But if you are going to sing from the Journey canon, or sing "You Give Love a Bad Name" or "Total Eclipse of the Heart" or "Sweet Caroline" to make everybody go "bum bum BUM!", I recommend saving it for after 2 a.m. when everybody's wasted. Hitting the big drunken crowd-pleasers at 7 p.m. just feels wrong. TOO SOON.
Don't sing super-long songs.
Speaking of which, my KJ friends recommends that you "don't sing anything over five minutes long. This includes Total Eclipse of the Heart, What's Up, and Bohemian Rhapsody." I don't know if I can do Total Eclipse of the Heart like that (those thunder crashes!), but I agree with generally not hogging for the mic for 10 minutes at a time.
Although one of the most amazing (in a "Is this really happening way?) karaoke performances I've ever seen was a performance of Laurie Anderson's Mother shortly after Lou Reed's death, which is not only a super-weird experimental, half-spoken song, but which clocks in at 8:21.
Now that I do karaoke a lot more frequently, I've had to vastly build up my repertoire. I used to have a handful of songs I'd sing when I sang two or three times a year ("Stay" by Lisa Loeb, "Kiss Me Deadly," by Lita Ford), now I have my own lengthy list on my iPhone.
To get out of our comfort zones and find new songs to sing, sometimes Deer Hoof and I play weird games where we challenge each other to pick songs from random categories like "Songs About Mamas" (Him: "Coat of Many Colors," Me: "Mother Mother") or "Songs Sung By Someone From a Foreign Country."
The latter is how I ended up singing Bjork's "It's Oh So Quiet" in public last week, which is a totally awesome song when Bjork sings it, but a totally bizarre song when a random mediocre singer is screaming "WOW BAM!" at an indifferent Monday night karaoke room.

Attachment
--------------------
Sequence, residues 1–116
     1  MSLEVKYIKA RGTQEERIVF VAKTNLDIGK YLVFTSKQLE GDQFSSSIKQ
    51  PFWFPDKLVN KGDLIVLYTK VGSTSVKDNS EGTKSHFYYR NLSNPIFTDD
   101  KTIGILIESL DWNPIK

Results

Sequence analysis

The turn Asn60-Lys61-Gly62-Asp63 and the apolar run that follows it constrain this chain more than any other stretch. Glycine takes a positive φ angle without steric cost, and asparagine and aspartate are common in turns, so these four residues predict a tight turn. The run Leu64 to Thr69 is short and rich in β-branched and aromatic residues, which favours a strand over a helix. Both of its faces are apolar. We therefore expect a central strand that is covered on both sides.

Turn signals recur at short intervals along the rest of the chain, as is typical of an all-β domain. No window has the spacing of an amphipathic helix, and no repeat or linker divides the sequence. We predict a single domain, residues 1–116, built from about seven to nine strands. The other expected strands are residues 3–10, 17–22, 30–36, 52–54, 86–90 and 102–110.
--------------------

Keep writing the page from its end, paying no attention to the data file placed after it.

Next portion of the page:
But even when singing something weird or embarrassing or realizing halfway through that I really don't know the song as well as I thought I did, I try to commit to my performance. And it's definitely not cool to bail on a song midway through.
I've only ever give up on a song once, and that was at a private party when I thought for some reason that I could sing Magic Man. Heart ain't no joke, you guys.
If you're going to do a group song, make sure somebody actually wants to sing the song.
Nothing worse than a bunch of people standing around a mic mumbling and trying to push the mic into somebody else's hand because they agreed collectively to sign up for a song nobody individually really wanted to sing.
Don't deliberately steal someone else's regular song.
Aw, come on, you KNEW that was Felicia's Wednesday night jam!
Feel the room.
Don't get me wrong, I'm all about being true to your karaoke soul, and sometimes I just want to sing Shania Twain or The Dixie Chicks when everybody else is singing hip-hop, but it is a good idea to at least take the temperature of the room while selecting your song.
Are you gonna kill the mood with your depressing-ass slow jam when everybody else is trying to get their party on? That's what private rooms are for. Well, that and making out.
Don't use the N word if you're white.
I can't tell you how many white people I have seen just go right ahead and say/sing the N-word while doing karaoke. No, it is NOT OK just because it's in the song. Just don't do it. (I came back and added this one in because it's that important.)
And, finally, a self-serving but valid tip from my same KJ friend:
Tip your KJ.
They're probably not making that much money, and people who throw a few bucks into the tip jar always get moved up the queue.
Are you still believing? What's the most amazing karaoke performance you've ever seen? What is the weirdest, most confusing song I could sing at a karaoke night with a straight face and make everyone uncomfortable?